Erueras’ parents Te Ora o te Tangata Rangatira and Inanui i te Rangi raised him along with his twin brother Henere and three other siblings near Takapuwahia Marae in Porirua, Wellington. His ancestor was Lieut-Colonel Eruera Te Whiti o Rongomai Love, the first Maori Commander of the 28th Maori Battalion.
In 1957, when Eruera was six years old, his grandmother took him to live at Parihaka, in Taranaki, New Zealand. He was raised there until he was nine years old. It was here as a young child that he first met many of the Taranaki kuikui that he would return 30 years later and film the astonishing Taranaki treasure house documentary ‘Te Atiawa o Runga Te Rangi.’
Erueras’ first foray into films were made in 1972 while a student of Rudi Gopas (Rudi was married to broadcaster Airini Grennell from Koukourarata, Ngai Tahu) at Ilam School of Fine Arts, Canterbury University. Eruera left art school to form the Christchurch branch of New Zealand activist group Nga Tamatoa with Tame Iti. They were part of the Nga Tamatoa three-week sit-in protest on Parliament grounds that presented the 1972 Maori Language Bill to parliament.
The next years were spent in protest and de-colonisation activities. Eruera was active in the 1975 Maori Land March, 1977’s Takaparawha – Bastion Point land struggle, the 1978 Raglan land struggle and the 1981 Anti-Springbok tour. During this time Eruera also maintained an active interest in the arts as a sculptor/carver and was part of the Maori artist and writer group, Nga Puna Waihanga.
Eruera was introduced to John O’Shea, Pacific Films, thanks to his friendship with Craig Walters (Crunch) in the late 1970s or early 80s. Crunch was born and bred in Stratford, Taranaki, and worked as line producer and associate producer at Pacific Films.
O’Shea encouraged Nia to write down his film ideas and he began working for Pacific Films where he took a special interest in camera work. Nia was approached to record the stories of the Taranaki kaumatua but it wasn’t until 1986 that he was able — with the help of Crunch and Pacific Films — to complete that kaupapa.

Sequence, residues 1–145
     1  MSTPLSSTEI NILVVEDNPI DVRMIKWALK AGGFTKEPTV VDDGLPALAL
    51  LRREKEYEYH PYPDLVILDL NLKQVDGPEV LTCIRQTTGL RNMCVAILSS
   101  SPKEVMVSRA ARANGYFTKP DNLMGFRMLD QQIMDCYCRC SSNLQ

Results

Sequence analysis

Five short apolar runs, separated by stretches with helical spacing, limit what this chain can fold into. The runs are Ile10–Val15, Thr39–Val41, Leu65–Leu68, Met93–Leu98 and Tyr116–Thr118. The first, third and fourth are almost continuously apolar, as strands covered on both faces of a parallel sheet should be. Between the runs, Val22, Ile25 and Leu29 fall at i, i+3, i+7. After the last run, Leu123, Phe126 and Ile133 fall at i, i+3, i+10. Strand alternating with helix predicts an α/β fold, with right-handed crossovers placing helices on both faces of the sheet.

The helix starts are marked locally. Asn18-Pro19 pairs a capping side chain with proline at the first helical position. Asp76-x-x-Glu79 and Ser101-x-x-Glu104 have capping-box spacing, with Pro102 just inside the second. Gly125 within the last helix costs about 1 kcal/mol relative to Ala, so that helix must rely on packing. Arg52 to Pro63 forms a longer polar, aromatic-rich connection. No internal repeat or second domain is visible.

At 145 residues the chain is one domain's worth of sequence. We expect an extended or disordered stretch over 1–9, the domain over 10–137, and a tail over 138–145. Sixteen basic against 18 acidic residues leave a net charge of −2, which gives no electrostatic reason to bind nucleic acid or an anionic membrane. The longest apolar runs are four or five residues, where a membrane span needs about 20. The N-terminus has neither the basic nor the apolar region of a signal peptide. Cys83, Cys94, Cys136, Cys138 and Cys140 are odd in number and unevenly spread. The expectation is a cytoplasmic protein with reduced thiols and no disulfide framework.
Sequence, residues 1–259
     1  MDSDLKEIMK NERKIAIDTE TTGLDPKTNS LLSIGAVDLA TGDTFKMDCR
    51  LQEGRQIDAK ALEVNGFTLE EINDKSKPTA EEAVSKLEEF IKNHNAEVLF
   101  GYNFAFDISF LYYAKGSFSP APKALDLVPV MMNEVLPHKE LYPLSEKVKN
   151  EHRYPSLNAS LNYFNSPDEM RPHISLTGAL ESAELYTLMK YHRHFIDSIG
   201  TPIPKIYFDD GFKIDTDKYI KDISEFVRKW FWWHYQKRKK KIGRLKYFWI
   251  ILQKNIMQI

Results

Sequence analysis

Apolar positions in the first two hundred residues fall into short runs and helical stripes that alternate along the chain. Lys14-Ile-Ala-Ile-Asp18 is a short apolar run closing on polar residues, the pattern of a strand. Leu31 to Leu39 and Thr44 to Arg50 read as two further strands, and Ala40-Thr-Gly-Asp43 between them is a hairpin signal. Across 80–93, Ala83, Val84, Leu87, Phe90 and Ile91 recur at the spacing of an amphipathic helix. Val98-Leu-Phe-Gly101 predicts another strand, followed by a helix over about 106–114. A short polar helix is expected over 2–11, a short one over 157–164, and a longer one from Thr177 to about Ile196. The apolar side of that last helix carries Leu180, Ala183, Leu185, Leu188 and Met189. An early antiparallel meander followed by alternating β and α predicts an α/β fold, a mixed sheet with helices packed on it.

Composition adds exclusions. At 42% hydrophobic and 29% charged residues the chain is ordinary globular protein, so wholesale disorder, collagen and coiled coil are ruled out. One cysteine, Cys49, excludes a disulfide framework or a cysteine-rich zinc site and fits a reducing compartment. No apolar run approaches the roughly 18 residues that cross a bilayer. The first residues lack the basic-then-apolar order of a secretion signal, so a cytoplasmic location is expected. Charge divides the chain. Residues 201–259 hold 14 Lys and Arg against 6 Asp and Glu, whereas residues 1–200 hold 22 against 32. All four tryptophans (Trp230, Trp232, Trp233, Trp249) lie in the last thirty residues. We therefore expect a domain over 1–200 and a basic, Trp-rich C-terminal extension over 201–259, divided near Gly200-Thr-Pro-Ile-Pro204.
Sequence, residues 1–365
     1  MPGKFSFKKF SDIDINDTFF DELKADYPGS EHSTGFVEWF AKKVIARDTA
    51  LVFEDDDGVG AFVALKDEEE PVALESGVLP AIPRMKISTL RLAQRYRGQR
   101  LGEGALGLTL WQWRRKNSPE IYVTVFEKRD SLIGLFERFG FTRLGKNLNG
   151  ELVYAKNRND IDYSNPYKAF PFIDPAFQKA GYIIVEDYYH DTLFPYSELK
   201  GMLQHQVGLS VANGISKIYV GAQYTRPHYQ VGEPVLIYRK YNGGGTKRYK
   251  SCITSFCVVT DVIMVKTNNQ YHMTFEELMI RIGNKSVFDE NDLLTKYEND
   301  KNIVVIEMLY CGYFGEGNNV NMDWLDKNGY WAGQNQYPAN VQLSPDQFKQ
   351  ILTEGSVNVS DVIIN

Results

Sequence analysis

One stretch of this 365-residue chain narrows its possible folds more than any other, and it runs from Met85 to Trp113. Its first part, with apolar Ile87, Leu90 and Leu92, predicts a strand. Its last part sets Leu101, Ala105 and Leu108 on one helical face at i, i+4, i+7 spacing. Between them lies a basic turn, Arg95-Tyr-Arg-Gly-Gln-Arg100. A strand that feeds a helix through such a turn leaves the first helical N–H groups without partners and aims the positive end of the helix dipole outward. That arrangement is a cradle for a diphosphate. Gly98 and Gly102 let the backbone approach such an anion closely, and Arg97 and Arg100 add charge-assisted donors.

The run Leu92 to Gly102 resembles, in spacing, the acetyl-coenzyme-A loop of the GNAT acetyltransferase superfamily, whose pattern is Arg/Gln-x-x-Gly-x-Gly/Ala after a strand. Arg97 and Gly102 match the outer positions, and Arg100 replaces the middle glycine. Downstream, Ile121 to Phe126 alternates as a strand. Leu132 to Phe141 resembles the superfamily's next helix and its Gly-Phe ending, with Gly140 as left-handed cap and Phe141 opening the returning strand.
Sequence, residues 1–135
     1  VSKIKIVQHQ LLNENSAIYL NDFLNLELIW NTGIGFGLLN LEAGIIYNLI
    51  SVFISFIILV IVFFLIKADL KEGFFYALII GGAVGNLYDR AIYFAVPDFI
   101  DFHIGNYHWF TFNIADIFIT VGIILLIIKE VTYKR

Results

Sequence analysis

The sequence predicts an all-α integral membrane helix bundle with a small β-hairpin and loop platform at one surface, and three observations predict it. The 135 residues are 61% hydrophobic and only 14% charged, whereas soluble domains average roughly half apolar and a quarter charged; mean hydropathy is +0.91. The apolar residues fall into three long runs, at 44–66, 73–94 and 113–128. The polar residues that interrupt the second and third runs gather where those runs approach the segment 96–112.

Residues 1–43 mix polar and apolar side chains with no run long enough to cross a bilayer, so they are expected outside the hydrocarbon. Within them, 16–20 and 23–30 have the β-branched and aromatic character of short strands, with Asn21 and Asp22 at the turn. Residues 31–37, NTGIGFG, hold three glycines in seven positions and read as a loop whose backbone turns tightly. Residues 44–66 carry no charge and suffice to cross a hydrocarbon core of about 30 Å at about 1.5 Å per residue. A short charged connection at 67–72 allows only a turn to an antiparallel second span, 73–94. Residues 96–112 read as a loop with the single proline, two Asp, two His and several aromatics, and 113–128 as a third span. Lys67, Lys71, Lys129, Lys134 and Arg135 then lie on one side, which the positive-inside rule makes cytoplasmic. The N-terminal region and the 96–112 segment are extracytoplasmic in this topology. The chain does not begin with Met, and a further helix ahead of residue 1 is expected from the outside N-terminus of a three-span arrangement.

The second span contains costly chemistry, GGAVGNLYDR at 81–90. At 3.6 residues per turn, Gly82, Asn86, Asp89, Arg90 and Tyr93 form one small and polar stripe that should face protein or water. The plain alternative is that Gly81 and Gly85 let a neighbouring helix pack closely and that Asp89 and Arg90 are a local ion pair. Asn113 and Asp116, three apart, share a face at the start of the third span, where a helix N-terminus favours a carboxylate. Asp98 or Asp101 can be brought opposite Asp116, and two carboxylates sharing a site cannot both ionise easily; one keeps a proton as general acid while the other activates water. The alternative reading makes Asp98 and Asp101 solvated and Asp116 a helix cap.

In 1986 Nia formed Rangiatea Films and produced and directed the 48-minute documentary Te Atiawa o Runga te Rangi, commissioned for TVNZ. In a portrait of the remaining kuia and koro from Taranaki, they discuss in 100 per cent Taranaki mita, their families, education and way of life.
On July 24 2013 Eruera traveled to Wellington thanks to NZ Film Archives and screened his films Te Atiawa o Runga Te Rangi (1986) Huakina (1987) a look at the pol-luted seas and land in Taranaki due to oil drilling, Nga Tai o Makiri (1987) a study of four Taranaki rivers, with three being almost destroyed due to dairy farming and oil drilling, Te Ara Puoro o Aotearoa (1996) a portrait of long time colleague and fellow artist Hirini Melbourne to a largely Taranaki audience. It was around 1996 that Nia returned to Rarotonga to care for his father after the death of his mother.
When his father passed, Nia remained on their papakainga of Taputapuatea.
The Wellington reception for the films overwhelmed Nia, and it was made even more special by the presence of Crunch and his family and also Takau his daughter and her husband with Nia’s first mokopuna.
In 2014 Nia returned to Rarotonga to resume filming his latest work on the Arikinui o Rarotonga.
He hoped to complete filming in all the outer islands of Rarotonga shortly.
He also travelled to Canada with fellow sculptor Felipe Tohi (Tonga) for a symposium of Pasefika artists.
More recently Nia was involved in carving projects in Taranaki and on Rarotonga continued his interest in filming, last year recording the memories of the late Cook Is-lands artist and educator Ian George.